Every year, along with the Maison et Objet exhibition, the Paris Design Week invites design lovers to a series of discoveries and events in the heart of the capital. The 2018 edition will go through the new Monolithe showroom in Saint Germain des Prés.
Monolithe is settling in Saint Germain des Prés
Monolithe will receive amateurs and professionals in its new premises, 4 rue Madame. A beautiful address in a typically Parisian street of the district with a unique character. There, you will find the Monolithe édition collection in an inspiring presentation : the Klec bookcase, the L88 lamp, the Eora chair, the Hansel and Gretel tables, the Charles & Elie bookends.
To « dialogue » with the contemporary edition, some rare furniture from the 1950s and 1960s, selected by Emmanuelle Vidal, antique dealer and decorator, and the soul of Monolithe vintage, complement the decor.
Among the most beautiful pieces, a desk by Pierre Guariche, a set with lounge chairs and a coffee table or a dining table by Gérard Guermonprez. The opportunity to verify once more that refined shapes and materials, created and designed as close as possible to the item’s funtion, complement each other perfectly, regardless of their age.
New mirrors with round or oval shapes, manufactured in materials already used in the collection – marble, brushed brass, stained oak – the creations signed by Pierre Dubourg are not only used as image reflectors but they also are part of the decor like a painting. The tinted glass and Silestone that adorn the mirrors’ surface are forming a kaleidoscope reflecting textured light effects, sometimes smooth, sometimes velvety. Designed as abstract art works, the mirrors can be hanged in any position, following the decorator’s instructions.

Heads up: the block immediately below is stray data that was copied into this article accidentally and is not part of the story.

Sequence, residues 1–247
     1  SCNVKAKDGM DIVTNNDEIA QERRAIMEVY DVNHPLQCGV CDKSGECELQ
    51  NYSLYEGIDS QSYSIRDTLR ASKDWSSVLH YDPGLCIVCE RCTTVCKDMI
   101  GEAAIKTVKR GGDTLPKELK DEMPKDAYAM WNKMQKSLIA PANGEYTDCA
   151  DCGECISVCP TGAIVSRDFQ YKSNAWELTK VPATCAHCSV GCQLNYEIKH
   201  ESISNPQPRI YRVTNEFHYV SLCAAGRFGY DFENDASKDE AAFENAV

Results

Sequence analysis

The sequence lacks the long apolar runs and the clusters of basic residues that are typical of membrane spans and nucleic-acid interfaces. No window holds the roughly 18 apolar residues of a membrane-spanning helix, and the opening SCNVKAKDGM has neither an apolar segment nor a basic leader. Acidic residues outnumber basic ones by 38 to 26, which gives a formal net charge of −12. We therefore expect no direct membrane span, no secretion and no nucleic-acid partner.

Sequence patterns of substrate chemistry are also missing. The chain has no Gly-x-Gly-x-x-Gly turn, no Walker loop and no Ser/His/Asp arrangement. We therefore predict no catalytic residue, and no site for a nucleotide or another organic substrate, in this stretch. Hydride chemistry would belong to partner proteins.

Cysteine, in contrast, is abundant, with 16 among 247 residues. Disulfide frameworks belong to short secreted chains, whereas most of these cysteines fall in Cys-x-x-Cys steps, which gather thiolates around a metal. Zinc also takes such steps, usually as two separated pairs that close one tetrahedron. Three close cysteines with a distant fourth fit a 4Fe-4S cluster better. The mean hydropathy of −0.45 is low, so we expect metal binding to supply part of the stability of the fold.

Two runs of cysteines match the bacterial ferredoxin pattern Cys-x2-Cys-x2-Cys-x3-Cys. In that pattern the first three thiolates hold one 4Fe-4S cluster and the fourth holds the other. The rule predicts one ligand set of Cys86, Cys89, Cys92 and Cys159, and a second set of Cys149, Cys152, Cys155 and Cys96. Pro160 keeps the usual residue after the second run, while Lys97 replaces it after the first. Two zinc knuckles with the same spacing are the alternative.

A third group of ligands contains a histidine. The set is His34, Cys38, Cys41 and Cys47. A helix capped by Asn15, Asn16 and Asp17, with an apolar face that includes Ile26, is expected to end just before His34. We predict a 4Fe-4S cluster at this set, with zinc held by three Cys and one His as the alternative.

A basic and refined concept design that combines tradition and innovation which tends to subtract the redundancy as a tribute to beauty and pureness of lines and materials. IRORI (=ancient Japanese domestic fulcrum built in the floor which was used for heating and cooking) it handles about a kitchen inspired to a Japanese furniture style which considers this interior environment as the fulcrum of domestic energy this is where the rhythm of vertical and horizontal surfaces is confronted with natural materials and colors.
The round tube which takes up again the shape of cane, characterizes all metallic furnishings, starting from the handle to the large table up to the backlit boiserie. The system can be creatively expanded or reduced according to the required dimensions.
IRORI is exclusively proposed with handle in the version of 8 mm aluminum door and is also available in large formats and in wooden door declination with a typical frame of oriental tradition. In the whole kitchen the research of extent and harmony is evident even in the small dimensions, where there is a game of balance between elements, materials and colors.
Understanding light and color.
Entirely natural materials processed according to tradition (Shou Sugi Ban)
IRORI provides an unreleased book of natural materials by starting from the Black Irori Stone up to the woods, which are suggested apart from the Smoked elm also in the Shou Sugi Ban processing technique, the centuries-old Japanese method of wood treatment obtained by superficial carbonization. The result is given by an elegant blackbrown colored wood, of which the intensity depends on the type of wood and on how long and deep the combustion process has lasted.